3 Things ChatGPT Needs Before it Can Be Deployed in Customer Service

By Sami Ghoche, CTO of Forethought
chat gpt forethought

By now the buzz has likely caught up with you: “Generative AI” has taken the world by storm.

Generative AI, a relatively new subfield field of AI, consists of models that generate impressive images, text, and even videos, usually in response to a text prompt. 

In particular, ChatGPT is a remarkable new model that was released earlier this month by OpenAI and has generated (no pun intended) massive attention and excitement.

I’ve received lots of questions over the last few weeks about what GPT means for AI, Forethought, and the future of customer experience.

Most importantly, can ChatGPT just automate your entire customer service for you?

TLDR: While a model like ChatGPT may one day power the interface for many customer support responses, it must be supplemented with other key models and AI techniques before it can be deployed in the wild and start automatically answering customers.

I believe the future of customer support automation will be a comprehensive AI platform with a conversational interface powered by a large language model similar to ChatGPT, but trained in a different way—on company-specific data, with significant guardrails, and with many other AI models and techniques applied around it

To understand why, it’s useful to explain at a high level how ChatGPT was trained and what it actually does (feel free to skip ahead if you’re already familiar with this information).

How ChatGPT was Trained

ChatGPT is the model that has garnered the most attention from the general public to date. However, to the AI community, ChatGPT is only one large language model (LLM) in a series of large language models released by OpenAI and others. In fact, ChatGPT is a very close sibling model to another OpenAI model called InstructGPT which has been available for over a year. The main difference with ChatGPT? It’s been repackaged to generate text in response to prompts communicated in the context of a conversation. 

In short, ChatGPT’s popularity exploded when previous impressive models from OpenAI did not primarily because of its intuitive interface.

ChatGPT and InstructGPT are built on top of a model OpenAI has dubbed GPT3.5, which is a large language model consisting of a stack of transformer decoders that have been trained to generate text one word at a time, or more precisely, one part of a word (called a token) at a time. These models are very large: they consist of billions and sometimes hundreds of billions of parameters. Models in the GPT3.5 series have been trained on a large corpus of text and code, from which the models derive their initial understanding of the world (this is the reason why you may have seen many examples of ChatGPT generating code).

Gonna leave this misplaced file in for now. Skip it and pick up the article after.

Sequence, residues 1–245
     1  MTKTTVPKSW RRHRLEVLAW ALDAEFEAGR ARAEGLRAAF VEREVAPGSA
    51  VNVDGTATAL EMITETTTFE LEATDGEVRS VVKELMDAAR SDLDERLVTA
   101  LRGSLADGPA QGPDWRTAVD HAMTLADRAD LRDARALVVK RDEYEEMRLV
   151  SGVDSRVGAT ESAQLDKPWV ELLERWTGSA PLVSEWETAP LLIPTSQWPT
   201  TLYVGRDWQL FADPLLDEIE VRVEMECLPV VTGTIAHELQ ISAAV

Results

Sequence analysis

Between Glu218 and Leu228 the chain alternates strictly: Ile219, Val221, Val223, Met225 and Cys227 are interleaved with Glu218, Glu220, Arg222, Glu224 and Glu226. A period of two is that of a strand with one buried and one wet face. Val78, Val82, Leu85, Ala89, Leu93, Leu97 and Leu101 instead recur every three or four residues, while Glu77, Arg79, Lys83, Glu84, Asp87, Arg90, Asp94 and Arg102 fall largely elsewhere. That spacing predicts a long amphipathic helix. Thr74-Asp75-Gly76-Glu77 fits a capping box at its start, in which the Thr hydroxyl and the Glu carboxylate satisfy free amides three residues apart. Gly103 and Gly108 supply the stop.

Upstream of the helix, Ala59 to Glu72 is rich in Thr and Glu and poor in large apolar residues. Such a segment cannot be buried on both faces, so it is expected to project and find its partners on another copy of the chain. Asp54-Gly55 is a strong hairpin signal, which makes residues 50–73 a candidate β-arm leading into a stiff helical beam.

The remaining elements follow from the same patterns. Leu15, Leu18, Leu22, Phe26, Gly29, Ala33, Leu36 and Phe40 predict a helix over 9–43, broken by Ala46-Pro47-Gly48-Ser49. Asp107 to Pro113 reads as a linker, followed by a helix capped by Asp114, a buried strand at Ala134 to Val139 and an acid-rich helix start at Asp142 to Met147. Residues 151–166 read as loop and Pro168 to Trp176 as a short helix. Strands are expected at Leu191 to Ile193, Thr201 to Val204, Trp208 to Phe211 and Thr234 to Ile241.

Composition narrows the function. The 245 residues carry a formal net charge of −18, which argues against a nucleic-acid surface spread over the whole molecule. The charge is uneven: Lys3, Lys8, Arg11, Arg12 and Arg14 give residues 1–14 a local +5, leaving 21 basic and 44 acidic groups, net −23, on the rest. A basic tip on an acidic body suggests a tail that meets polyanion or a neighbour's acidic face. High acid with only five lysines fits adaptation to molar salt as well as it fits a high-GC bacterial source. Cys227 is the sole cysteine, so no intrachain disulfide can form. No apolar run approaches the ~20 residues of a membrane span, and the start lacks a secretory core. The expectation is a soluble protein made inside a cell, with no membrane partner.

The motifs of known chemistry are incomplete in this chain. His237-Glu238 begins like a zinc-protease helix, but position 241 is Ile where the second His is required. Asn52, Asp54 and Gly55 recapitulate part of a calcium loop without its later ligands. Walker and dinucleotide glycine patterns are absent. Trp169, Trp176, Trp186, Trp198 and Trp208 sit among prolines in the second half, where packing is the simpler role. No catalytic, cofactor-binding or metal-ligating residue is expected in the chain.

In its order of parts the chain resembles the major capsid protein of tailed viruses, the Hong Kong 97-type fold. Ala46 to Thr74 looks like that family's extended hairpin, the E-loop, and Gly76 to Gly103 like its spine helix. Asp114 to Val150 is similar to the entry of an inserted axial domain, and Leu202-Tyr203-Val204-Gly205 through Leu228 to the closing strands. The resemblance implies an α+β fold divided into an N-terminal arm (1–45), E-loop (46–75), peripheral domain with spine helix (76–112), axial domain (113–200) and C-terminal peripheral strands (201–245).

A GPT3.5 model is taken and further trained using new data and a specific process called “Reinforcement Learning from Human Feedback”, to produce a model like ChatGPT.

This process (overly simplified) consists of 3 steps:

  1. Human labelers write conversations between a person and a hypothetical ideal chatbot. A GPT3.5 model is trained on these conversations to generate good chatbot responses.
  1. The resulting bot (and potentially other models) are prompted and some of the responses are sampled (multiple sampled responses per prompt). Then the labelers rank the appropriateness of each response to the prompt. These rankings are used to train (in a supervised fashion) a model to score the appropriateness of a response to a prompt.
  1. The two models from steps 1 and 2 are used in a reinforcement learning setting to generate responses, reward the generated responses based on model 2, and keep improving the response generation by repeating the process.

Illustration taken from OpenAI’s website

With this information in mind, let’s dive into what it would take to successfully repurpose it for customer support automation.

What ChatGPT Would Need to Be Ready for Customer Support Automation

ChatGPT is an incredible tool. But on its own, it’s not ready for widespread implementation in customer support automation. Below are 3 requirements needed to take it to the next level.

1. Factually Accurate Responses

First and foremost, the system must produce factually accurate responses. This is crucial. Unfortunately, while ChatGPT almost always generates a coherent and plausible response, one of its major limitations is that the information may be incorrect or outdated.

Sam Altman, the CEO of OpenAI himself, has cautioned against the use of ChatGPT for scenarios where “robustness and truthfulness” are important, and customer support certainly falls under that category.